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July 1989

Primary vs Delayed Implant in Evisceration

Author Affiliations

Salt Lake City, Utah

Arch Ophthalmol. 1989;107(7):952. doi:10.1001/archopht.1989.01070020014003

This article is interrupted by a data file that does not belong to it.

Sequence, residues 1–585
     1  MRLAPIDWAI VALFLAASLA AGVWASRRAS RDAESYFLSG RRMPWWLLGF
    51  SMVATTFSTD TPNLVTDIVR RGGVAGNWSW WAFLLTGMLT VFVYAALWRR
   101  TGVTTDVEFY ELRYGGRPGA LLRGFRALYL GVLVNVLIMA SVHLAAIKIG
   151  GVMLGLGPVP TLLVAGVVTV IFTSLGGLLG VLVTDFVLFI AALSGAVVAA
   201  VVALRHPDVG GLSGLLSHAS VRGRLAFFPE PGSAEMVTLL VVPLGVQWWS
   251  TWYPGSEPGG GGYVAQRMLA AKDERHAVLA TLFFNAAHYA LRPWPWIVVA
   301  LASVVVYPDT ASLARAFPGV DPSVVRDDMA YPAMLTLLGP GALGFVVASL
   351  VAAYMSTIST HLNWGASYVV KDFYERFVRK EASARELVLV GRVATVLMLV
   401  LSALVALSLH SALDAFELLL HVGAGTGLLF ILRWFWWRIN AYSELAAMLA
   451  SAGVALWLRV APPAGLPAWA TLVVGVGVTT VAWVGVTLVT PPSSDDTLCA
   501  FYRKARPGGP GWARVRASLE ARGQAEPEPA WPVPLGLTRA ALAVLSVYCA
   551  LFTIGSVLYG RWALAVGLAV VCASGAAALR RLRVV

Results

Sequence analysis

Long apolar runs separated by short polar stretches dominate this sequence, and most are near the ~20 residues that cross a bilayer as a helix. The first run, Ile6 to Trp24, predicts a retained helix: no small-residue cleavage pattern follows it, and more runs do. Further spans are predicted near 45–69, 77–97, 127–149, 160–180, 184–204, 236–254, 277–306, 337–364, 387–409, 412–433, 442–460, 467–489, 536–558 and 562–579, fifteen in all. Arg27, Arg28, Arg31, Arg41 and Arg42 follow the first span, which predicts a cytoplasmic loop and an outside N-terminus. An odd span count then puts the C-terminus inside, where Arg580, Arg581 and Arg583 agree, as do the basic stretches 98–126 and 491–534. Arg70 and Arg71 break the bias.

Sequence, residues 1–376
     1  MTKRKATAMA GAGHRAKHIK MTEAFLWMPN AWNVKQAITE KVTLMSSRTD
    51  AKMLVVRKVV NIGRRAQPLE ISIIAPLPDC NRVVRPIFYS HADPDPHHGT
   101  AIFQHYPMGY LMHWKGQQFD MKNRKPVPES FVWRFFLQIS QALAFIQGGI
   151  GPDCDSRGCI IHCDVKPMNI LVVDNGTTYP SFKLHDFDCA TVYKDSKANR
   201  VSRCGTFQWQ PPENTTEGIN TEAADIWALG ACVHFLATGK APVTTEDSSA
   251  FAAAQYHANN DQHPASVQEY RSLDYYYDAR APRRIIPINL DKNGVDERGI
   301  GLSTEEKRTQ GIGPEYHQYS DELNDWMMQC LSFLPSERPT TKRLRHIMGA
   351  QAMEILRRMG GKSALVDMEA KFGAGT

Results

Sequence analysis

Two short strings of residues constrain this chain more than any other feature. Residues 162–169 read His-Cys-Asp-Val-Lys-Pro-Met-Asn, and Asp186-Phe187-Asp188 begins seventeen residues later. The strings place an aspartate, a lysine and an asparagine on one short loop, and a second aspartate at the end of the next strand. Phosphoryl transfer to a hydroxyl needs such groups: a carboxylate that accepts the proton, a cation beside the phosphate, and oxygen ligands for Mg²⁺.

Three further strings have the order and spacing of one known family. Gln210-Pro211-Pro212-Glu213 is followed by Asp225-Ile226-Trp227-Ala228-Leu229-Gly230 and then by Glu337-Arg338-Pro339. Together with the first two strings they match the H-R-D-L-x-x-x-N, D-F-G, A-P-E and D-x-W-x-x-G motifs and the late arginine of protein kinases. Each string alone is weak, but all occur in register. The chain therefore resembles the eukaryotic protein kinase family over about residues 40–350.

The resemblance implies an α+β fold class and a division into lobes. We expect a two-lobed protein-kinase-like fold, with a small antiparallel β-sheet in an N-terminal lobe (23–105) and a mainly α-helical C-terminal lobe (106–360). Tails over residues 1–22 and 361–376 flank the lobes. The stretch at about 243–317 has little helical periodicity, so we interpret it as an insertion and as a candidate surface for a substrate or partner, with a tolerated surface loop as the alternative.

To the Editor.  —We read with interest the recent article by Shore et al1 concerning delayed primary wound closure. Although their idea of eviscerating a blind eye with endophthalmitis and delayed secondary implant after several days of local wound care is supported by current knowledge of wound dehiscence and bacterial counts, we find that an important argument has been neglected.In the preantibiotic era, Burch2 pointed out that infection is a frequent cause of implant extrusion after evisceration. It is intuitive that the risk of implant infection and subsequent extrusion will be higher in an evisceration performed for endophthalmitis. Nonetheless, one must weigh the risks and benefits of placing an orbital implant at the time of the evisceration vs local wound care followed by a secondary implant some days later. In the case of local wound care followed by a secondary implant, the patient must endure several days

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